Last week, North Carolina men’s basketball coach Roy Williams sat down for a virtual news conference in Chapel Hill to discuss the uncertainty ahead in college basketball.
To adjust to the circumstances, Williams said the school will move chairs apart on the sideline so players can keep their distance from one another. He also said he and every member of his staff will wear masks during every game. But the most impactful difference for the 2020-2021 season, he said, could unfold in the bleachers.
“I think we’ll have college basketball,” Williams told reporters. “I don’t know how many fans, if any, will be in the stands to see it.”
With the season set to begin less than a month from now on Nov. 25, coaches, athletic directors and commissioners throughout the country must field questions about rules on attendance, while also projecting the potential budgetary impact of empty venues or arenas with limited capacity because of the coronavirus pandemic. College basketball will be the first major indoor sport in America that will attempt to play without the bubbles that were successfully employed by the WNBA, NBA and the NHL.
Dr. Jaimie Meyer, an infectious disease specialist at Yale University, said the combination of basketball’s designation as a high-risk sport by the Centers for Disease Control — due to close contact among players and the science showing the virus is more apt to spread indoors — the sport might not see any fans in the stands for a long time. She said the uptick in infection rates around the country are a factor, too.
“When games take place in communities that have a high level of COVID transmission, it makes it more likely that a fan has it and doesn’t know,” Meyer said. “I really find it hard to imagine a scenario where it will be safe to have fans [in college basketball], even if they’re wearing masks and distanced.”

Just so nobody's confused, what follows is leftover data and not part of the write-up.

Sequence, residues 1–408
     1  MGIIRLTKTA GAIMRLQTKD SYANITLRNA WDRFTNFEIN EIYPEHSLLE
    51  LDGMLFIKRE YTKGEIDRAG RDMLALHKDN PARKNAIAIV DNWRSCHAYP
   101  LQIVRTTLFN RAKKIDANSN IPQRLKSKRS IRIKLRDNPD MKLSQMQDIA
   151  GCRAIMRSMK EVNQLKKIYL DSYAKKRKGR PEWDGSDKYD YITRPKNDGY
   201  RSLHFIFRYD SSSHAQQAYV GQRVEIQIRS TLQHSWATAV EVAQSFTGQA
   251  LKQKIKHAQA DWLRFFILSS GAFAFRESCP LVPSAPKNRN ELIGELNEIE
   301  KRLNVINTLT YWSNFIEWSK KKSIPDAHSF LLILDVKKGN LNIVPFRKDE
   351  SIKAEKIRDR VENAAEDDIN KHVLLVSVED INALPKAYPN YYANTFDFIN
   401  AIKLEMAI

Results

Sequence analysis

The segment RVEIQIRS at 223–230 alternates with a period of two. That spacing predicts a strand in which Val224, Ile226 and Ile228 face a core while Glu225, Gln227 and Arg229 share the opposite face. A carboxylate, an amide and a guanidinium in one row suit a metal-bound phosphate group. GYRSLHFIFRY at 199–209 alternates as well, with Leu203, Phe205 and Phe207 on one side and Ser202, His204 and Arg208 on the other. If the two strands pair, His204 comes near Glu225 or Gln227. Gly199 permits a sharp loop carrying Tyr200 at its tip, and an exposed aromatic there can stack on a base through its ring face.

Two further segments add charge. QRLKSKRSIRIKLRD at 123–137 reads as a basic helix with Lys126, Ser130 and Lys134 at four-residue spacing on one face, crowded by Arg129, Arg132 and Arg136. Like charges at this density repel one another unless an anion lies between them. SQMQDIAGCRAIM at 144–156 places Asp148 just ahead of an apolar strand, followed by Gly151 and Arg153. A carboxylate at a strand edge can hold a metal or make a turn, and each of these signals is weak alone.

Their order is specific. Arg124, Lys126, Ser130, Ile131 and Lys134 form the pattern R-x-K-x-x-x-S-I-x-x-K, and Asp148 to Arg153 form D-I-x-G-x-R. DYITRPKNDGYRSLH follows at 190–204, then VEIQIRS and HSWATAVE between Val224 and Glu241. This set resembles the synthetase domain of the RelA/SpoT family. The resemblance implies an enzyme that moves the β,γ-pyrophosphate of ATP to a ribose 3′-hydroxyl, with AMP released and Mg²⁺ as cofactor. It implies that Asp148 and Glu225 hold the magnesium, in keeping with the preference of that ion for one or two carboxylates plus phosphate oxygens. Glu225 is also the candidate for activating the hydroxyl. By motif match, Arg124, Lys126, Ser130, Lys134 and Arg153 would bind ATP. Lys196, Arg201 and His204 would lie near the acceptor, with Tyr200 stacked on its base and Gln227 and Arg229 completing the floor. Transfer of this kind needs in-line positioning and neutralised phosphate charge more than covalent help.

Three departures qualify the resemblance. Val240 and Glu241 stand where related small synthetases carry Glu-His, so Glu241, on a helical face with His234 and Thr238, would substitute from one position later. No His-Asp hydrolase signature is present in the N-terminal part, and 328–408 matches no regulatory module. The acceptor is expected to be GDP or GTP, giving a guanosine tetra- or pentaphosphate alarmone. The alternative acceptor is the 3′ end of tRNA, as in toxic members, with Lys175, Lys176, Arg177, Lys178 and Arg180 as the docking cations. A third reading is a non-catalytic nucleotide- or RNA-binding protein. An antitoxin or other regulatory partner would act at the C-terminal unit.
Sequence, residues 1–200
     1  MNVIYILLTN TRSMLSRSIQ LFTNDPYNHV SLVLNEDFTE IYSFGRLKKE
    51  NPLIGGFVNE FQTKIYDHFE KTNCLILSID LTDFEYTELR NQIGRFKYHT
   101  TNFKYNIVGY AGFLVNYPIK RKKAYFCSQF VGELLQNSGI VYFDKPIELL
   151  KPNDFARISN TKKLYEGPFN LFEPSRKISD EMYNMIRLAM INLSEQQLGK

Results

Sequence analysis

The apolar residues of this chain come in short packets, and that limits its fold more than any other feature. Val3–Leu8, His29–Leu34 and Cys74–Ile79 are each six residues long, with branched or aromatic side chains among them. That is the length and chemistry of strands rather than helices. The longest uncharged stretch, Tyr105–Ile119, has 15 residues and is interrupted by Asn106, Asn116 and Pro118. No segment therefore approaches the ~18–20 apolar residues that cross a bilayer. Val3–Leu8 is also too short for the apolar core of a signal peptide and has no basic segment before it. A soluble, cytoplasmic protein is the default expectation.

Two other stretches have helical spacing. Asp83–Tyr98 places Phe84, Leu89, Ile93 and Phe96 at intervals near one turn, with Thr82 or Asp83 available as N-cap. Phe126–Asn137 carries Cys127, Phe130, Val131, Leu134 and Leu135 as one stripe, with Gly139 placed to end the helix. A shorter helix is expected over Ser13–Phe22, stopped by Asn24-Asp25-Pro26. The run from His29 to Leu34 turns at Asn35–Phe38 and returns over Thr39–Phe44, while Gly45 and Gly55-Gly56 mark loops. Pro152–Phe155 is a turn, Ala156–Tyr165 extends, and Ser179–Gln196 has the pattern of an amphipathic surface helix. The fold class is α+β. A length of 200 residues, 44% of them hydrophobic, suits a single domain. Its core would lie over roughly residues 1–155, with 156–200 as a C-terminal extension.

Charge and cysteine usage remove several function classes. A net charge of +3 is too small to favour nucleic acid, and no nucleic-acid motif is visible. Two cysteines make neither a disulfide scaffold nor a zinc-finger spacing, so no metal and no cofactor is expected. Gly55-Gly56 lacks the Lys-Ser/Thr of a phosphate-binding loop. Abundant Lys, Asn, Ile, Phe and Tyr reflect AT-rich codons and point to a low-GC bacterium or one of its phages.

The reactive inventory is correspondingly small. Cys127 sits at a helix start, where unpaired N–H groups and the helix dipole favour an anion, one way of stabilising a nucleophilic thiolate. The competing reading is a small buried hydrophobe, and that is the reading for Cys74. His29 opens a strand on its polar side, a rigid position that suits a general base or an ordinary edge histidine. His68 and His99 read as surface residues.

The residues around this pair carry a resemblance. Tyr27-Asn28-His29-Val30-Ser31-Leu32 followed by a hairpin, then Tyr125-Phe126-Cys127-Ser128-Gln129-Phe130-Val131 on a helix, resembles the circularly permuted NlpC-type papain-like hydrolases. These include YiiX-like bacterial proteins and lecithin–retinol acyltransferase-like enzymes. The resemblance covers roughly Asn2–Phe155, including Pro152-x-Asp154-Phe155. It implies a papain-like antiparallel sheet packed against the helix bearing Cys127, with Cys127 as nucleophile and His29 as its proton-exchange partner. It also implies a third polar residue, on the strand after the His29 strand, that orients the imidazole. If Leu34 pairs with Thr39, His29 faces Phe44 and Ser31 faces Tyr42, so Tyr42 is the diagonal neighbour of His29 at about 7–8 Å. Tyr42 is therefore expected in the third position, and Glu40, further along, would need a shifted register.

College basketball’s variety is among the key to its popularity, as nearly 350 schools representing 32 different leagues compete in the NCAA tournament. This year, schools of all sizes and profiles share the same concerns about the possible loss of revenue from ticket sales.
At the Football Bowl Subdivision level, which includes all Power 5 schools, ticket sales in all sports combined to account for 17% of the $8.3 billion revenue earned collectively in the 2018-19 academic year, per Knight Commission data. At the Football Championship Subdivision level, which features many of the sport’s low- and mid-majors, ticket sales account for only 5% of total revenue. But that’s largely because those schools acquire 69% of their revenue through institutional support and student fees, a pair of categories that could be jeopardized by the pandemic.
The unknown has left programs searching for the right responses to anxious season-ticket holders.
Last week, Saint Mary’s College, located in Moraga, California, and a member of the West Coast Conference, held a Facebook Live session with season-ticket holders to discuss the school’s upcoming plans.
The school only recently was cleared to host games at home by its county officials, and it is not intending to host fans at McKeon Pavilion, its 3,500-seat venue. Mike Matoso, the school’s athletic director, said the program has offered season-ticket holders three options for the upcoming year: donate their season tickets to boost the program’s budget at a difficult time, defer their season tickets until the 2021-2022 campaign or request a refund.
McKeon Pavilion is one of the nation’s rowdiest sites — during big games like its annual battle with Gonzaga, fans spill into the aisles and corridors. Matoso said California’s COVID-19 restrictions probably won’t shift to allow fans this season, stripping the building of the atmosphere and cash from which the school benefits each year.
Matoso said his school will spend $400,000 on testing for athletes this season. Saint Mary’s has already had layoffs and furloughs. A world without fans in the stands makes those expenditures all the more difficult to offset.
“How do we not hurt the success of our programs?” he said about the situation. “It’s definitely a social event. Our fans live for this.”
Matoso is not alone as he tries to navigate the hurdles.